Old April 20th, 2008, 07:02 PM
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Kevin Buckley
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Quote:
Originally Posted by mdmccallum
Very nice.

I pulled the passenger axle and it was a clean break right at the hub flange. Rovertracks will be getting a call in the morning. My front axle/cv's will be stock for now. Are they next to go?

Get his rear axles now and wait til his front's are back in stock, then buy them. Nothing like some piece of mind.
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  #8  
Old April 21st, 2008, 06:19 PM
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Kevin Collins
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I have once. In the rear. It was the second time I was out after the ARB went in. Replaced with GBR and never had another problem.
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  #9  
Old April 21st, 2008, 07:20 PM
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Andrew Clarke
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In this situation I personally would have also pulled the rear driveshaft. It's not a big job and then you have no torque going to the rear axle at all. I imagine that running only one driveshaft would increase the stress on the other one.

If other wiser individuals feel this is an unnecessary step I'd like to hear about that.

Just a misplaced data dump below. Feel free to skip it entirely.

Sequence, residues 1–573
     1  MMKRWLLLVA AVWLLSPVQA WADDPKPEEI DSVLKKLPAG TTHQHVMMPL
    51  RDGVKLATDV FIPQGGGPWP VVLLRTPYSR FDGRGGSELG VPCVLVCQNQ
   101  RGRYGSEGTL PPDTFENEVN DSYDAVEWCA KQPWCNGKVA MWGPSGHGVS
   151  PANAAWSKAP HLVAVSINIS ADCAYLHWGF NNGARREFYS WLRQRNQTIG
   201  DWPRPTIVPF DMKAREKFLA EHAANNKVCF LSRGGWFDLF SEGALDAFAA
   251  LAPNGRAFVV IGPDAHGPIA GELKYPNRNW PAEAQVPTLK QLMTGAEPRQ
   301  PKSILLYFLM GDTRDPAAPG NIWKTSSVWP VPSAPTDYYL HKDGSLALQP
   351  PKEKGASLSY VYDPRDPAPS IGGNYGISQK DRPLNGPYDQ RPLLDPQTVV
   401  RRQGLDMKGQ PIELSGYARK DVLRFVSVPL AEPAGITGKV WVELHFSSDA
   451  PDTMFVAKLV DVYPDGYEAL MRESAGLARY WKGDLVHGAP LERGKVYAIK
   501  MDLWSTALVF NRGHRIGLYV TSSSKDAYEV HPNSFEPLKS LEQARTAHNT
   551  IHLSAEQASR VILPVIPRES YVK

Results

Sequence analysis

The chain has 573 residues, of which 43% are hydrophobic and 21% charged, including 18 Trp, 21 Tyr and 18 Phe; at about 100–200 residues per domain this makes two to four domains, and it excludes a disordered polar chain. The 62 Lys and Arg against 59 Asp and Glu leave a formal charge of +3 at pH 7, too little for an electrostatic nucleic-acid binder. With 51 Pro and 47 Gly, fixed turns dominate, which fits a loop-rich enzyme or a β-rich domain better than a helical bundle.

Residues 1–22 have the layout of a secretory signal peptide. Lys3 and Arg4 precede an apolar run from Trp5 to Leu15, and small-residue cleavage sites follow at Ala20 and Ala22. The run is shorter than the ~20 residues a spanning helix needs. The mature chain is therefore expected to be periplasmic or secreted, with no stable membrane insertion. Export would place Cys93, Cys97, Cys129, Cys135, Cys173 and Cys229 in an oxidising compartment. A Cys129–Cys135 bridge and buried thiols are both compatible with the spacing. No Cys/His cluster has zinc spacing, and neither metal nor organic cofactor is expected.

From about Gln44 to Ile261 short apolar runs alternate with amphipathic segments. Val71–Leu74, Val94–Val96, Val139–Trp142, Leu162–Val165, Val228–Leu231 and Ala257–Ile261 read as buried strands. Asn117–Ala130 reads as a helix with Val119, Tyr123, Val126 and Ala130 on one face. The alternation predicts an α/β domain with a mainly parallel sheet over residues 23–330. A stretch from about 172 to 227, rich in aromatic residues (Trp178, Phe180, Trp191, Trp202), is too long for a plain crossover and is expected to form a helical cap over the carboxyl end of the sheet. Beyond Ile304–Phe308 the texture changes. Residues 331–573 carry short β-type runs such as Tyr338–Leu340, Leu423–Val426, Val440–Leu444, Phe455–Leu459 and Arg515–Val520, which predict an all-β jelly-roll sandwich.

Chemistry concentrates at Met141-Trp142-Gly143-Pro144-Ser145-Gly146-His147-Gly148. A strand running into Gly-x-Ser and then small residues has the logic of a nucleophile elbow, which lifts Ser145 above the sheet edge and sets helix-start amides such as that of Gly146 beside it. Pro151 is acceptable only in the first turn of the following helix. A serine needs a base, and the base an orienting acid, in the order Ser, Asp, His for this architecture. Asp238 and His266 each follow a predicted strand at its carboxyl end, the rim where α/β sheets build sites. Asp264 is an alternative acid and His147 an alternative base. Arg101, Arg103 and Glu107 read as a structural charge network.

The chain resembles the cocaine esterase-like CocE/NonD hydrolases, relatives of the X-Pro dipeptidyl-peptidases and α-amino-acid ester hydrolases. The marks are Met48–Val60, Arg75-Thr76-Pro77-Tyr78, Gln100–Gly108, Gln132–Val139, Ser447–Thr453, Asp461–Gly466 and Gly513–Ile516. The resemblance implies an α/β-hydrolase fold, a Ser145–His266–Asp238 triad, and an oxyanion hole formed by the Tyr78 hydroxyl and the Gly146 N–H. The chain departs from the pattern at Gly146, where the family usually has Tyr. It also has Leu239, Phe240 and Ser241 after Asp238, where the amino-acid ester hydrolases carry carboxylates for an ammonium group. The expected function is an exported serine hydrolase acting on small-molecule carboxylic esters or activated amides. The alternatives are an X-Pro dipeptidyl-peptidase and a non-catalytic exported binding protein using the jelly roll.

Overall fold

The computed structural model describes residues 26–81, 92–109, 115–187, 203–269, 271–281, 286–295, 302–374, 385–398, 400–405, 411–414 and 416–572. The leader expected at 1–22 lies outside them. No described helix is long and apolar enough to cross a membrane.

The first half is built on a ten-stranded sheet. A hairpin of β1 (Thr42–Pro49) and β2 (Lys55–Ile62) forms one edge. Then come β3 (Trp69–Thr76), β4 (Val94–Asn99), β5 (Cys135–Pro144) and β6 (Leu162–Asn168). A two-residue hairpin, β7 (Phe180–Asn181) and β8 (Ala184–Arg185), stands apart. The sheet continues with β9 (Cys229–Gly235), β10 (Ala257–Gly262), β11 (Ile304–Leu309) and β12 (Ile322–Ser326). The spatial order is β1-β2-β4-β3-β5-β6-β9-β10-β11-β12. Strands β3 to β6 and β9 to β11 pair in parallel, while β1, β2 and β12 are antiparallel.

- Andrew.
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  #10  
Old April 23rd, 2008, 05:28 AM
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Quote:
Originally Posted by aclarke
In this situation I personally would have also pulled the rear driveshaft. It's not a big job and then you have no torque going to the rear axle at all. I imagine that running only one driveshaft would increase the stress on the other one.

If other wiser individuals feel this is an unnecessary step I'd like to hear about that.

- Andrew.
driveshaft as in prop shaft? cant be any stress as there is no load on one side, like turning a shaft on bearings with nothing on the other end. best to remove the broken half shaft though.
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  #11  
Old April 23rd, 2008, 06:25 AM
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Andrew Clarke
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Quote:
Originally Posted by paul c
driveshaft as in prop shaft? cant be any stress as there is no load on one side, like turning a shaft on bearings with nothing on the other end. best to remove the broken half shaft though.
mdmccallum has a TrueTrac in his rear diff. So if the propshaft is still in place, it will be driving the one wheel that still has a half shaft going to it. The other side of the TrueTrac will be running with no resistance due to there being no half shaft, which places an uneven load on the TrueTrac. I guess from that point of view though having the propshaft/driveshaft off will still result in uneven loading on the TrueTrac as one wheel will be driving it but the other won't. You can't win

- Andrew.
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  #12  
Old April 23rd, 2008, 06:13 PM
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as mentioned above the truetracs require some load on an axle to operate, if a wheel is spining freely it wont lock up, applying the brakes slighly will cause it to lock. as the axle is broken it cant be loaded, unless the broken ends are jagged and catch on each other, which is why it would be advisable to remove the broken pieces.